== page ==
One-and-done has been the fad in college basketball in the last number of years. But while programs have had their share of regular-season success using the strategy, there have been few that have cut down the nets in April.
Connecticut had upperclassmen Shabazz Napier and Ryan Boatright guiding the Huskies to the title last season. Louisville had Peyton Siva, Russ Smith and Gorgui Dieng the year before. There was the 2011 Kemba Walker Huskies. The 2010 Jon Scheyer/Nolan Smith/Kyle Singler Blue Devils. The 2009 Tyler Hansbrough/Ty Lawson/Danny Green Tar Heels. The list stretches on for pages and pages.
And herein lies the problem for the top-seeded Blue Devils.
Duke starts three prodigious freshmen in Tyus Jones, Justise Winslow and Jahlil Okafor. All three were Integris Wayman Tisdale National Freshman of the Year Finalists, with Okafor taking home the honors Tuesday. Okafor also became the first freshman to win ACC Player of the Year this season. The trio has combined for 51.6 percent of the Blue Devils' scoring, and in 24 of 33 games a freshman has led Duke in scoring. Additionally, 21 of the 27 20-point games from a Blue Devil have come from one of the team's precocious neophytes.
But as good as those freshmen are, they alone will not be able to carry Duke to the promised land. It simply isn't the way college basketball works.
The only team of the past decade to raise a banner at the end of the year while featuring mostly freshmen was Kentucky's 2012 team. But the difference maker for them wasn't the transcendent Anthony Davis, or freakish Michael Kidd-Gilchrist. Instead, it was the team's lone true rotation senior—Darius Miller.
Miller wasn't the team's second option offensively the way Cook arguably is for the Blue Devils, but he surely made his impact felt in the NCAA Tournament. For the season, Miller averaged 26.1 minutes and 9.9 points on 47.4 percent shooting. However, during the NCAA tournament he scaled up his production. Miller's minutes ballooned to 30.3 per game, and his scoring up to 11.7 points on 56.1 percent shooting. His two 19-point outbursts during the tournament were the lift his Wildcats needed to get to the Final Four in New Orleans. Sure, it was Davis and Kidd-Gilchrist who garnered the national attention—just like it's currently Okafor and Tyus Jones for Duke—but Miller was the difference-maker.
To provide the necessary Miller-esque experience for NCAA tournament success, Duke will need none other than its captain, Quinn Cook. Although Cook isn't the only upperclassman on the team and he speaks glowingly of his teammates' preparedness, the other three non-freshman haven't really had any meaningful tournament experience. Amile Jefferson is the most experienced of the group, having played a total of 47 minutes in his team's five games, including some key minutes against Creighton in 2013 and a start against Mercer last season. But that's hardly a long track record. Marshall Plumlee has just six tournament minutes under his belt. Matt Jones only two.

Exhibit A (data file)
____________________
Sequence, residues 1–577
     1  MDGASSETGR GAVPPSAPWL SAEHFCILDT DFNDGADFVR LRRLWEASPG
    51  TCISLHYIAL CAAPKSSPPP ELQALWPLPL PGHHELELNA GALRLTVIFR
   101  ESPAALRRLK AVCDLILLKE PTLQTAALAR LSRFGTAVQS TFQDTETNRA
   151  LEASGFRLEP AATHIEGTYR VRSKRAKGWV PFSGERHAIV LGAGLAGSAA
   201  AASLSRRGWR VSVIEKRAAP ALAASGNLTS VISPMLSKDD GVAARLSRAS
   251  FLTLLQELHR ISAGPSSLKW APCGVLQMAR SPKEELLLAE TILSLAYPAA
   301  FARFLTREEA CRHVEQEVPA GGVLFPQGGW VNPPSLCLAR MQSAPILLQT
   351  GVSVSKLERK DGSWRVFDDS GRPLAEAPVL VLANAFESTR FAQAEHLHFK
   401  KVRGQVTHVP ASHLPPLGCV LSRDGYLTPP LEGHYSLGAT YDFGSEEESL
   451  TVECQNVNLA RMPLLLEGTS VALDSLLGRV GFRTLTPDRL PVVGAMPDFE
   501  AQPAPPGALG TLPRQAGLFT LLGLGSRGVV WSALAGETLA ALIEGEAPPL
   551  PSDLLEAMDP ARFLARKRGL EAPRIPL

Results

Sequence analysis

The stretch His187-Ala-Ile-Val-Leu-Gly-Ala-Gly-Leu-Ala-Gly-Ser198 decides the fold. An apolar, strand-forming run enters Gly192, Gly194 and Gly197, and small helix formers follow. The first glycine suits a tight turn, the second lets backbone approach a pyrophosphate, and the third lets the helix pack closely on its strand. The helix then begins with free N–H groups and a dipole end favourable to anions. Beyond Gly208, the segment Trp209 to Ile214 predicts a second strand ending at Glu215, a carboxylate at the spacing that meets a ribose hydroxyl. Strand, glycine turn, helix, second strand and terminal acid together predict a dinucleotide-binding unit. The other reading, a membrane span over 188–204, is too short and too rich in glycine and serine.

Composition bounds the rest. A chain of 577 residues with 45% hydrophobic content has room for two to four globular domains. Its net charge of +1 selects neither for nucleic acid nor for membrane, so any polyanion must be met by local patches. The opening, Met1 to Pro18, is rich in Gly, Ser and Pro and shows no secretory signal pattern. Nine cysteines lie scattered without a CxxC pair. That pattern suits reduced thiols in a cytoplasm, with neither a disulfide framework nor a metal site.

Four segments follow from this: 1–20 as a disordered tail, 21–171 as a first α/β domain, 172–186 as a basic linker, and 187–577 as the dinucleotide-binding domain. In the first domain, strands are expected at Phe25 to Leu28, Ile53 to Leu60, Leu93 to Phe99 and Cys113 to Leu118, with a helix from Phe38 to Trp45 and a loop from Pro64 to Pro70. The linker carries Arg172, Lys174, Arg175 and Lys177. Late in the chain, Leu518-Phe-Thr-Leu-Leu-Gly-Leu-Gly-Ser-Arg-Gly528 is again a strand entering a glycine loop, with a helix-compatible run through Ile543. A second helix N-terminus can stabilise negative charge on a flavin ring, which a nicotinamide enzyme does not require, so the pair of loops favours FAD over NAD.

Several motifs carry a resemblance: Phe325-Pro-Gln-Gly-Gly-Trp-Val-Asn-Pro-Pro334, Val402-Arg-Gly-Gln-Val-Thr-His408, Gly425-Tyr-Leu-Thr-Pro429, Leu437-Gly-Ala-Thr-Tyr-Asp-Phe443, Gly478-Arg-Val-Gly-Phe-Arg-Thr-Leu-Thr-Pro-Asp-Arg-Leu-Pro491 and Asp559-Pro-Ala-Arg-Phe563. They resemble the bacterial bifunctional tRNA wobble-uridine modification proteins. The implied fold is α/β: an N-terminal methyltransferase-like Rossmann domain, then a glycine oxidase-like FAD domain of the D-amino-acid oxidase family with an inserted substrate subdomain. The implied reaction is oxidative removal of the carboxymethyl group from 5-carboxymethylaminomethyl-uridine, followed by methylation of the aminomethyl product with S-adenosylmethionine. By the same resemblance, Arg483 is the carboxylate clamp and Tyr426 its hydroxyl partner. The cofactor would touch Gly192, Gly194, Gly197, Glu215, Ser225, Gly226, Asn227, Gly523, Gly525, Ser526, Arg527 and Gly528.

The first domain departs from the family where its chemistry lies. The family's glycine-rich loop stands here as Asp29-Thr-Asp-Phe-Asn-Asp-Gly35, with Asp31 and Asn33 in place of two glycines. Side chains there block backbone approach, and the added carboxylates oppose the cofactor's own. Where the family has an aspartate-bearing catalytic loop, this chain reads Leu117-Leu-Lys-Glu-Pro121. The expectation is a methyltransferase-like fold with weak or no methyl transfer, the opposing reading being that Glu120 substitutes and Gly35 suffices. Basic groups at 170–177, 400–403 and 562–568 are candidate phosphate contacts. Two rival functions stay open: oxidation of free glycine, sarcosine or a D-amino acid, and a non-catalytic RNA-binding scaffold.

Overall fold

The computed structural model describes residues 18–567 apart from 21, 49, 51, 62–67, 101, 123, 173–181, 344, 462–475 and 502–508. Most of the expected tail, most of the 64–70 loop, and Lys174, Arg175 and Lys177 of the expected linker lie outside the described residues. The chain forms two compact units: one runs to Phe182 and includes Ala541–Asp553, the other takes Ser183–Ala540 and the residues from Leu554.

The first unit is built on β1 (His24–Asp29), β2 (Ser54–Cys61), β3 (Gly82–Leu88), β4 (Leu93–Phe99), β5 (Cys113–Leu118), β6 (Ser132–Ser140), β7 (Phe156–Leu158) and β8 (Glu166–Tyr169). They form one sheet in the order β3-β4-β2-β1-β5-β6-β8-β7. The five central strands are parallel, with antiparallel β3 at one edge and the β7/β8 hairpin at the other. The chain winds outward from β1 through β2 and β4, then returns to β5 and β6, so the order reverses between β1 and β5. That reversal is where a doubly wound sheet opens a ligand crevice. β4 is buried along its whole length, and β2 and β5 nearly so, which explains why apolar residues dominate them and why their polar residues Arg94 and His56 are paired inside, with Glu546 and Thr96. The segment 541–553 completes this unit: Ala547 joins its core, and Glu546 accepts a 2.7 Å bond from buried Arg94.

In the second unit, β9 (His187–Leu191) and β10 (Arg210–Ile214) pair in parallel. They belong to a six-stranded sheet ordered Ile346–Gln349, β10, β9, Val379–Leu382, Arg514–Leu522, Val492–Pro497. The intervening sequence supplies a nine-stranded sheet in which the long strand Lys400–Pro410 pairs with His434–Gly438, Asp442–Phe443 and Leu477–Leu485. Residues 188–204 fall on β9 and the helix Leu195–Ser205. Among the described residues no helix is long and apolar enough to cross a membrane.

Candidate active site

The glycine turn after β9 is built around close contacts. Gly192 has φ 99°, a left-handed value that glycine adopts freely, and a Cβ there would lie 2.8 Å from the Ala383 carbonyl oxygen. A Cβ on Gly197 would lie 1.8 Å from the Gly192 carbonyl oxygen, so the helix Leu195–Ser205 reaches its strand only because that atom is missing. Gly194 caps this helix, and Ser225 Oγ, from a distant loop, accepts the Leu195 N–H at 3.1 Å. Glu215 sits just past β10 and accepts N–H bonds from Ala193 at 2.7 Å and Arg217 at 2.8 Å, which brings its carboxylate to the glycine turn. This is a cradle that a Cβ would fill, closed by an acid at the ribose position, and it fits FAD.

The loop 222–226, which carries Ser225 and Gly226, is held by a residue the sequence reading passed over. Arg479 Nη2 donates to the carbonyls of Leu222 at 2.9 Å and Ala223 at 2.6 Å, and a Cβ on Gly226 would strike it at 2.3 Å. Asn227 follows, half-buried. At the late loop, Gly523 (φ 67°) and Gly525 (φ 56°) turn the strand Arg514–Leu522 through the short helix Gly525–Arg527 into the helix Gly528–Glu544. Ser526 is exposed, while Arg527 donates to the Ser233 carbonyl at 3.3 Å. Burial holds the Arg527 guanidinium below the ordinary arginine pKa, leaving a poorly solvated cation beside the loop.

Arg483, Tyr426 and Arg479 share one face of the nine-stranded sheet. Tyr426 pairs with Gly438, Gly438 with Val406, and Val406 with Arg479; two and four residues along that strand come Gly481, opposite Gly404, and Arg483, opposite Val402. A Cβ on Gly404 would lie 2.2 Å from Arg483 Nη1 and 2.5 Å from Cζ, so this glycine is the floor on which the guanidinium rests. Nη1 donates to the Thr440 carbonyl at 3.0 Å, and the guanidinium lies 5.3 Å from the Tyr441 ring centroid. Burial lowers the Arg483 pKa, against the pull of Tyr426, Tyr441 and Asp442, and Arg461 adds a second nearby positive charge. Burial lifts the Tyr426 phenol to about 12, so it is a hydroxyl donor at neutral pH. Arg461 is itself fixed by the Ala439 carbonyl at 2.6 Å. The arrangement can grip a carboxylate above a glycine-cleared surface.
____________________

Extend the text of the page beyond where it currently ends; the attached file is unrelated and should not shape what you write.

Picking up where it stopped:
The problem with Cook as the experienced sage, however, is that he simply hasn't been great in the postseason. Duke's floor general has played in 14 games between the ACC and NCAA tournaments, playing 24.7 minutes per game. In those games Cook has averaged just 8.1 points per game on 39.6 percent shooting—not exactly eye-popping numbers.
The numbers look slightly worse in NCAA tournament games for the captain, where Cook scores 8.5 points on weak 33.3 percent shooting. To get the same sort of lift from their senior that Miller provided for Kentucky, the Blue Devils are going to need regular-season Cook, not postseason Cook.
In this year's ACC tournament loss to Notre Dame, Cook was hardly his usual self, shooting a paltry 2-for-12 from the floor en route to just seven points. The performance was bad enough that Cook revealed it took him "a day...a day and a half" to get himself straightened out from the on-court calamity. But after a players-only meeting in Cook's hotel room and some time to get his head right, the point guard is ready for action once again.
Despite his checkered postseason record, it can't be forgotten that he was more or less the only player who came to play against Mercer last season. Despite being relegated to the bench, Cook led the team in scoring with 23 points and was the only player on the team to shoot better than 50 percent from the floor.
Coming into the season, Cook was set to be a pivotal part of the Blue Devils' success. He has mostly cashed in on his promise by putting up career-highs in points, field goal percentage, 3-point percentage and free throw percentage. But now, in March, the pressure is back squarely on the captain's shoulders, where he will have to be "The Guy" once more to get that fifth banner he's had his sights set on all season.
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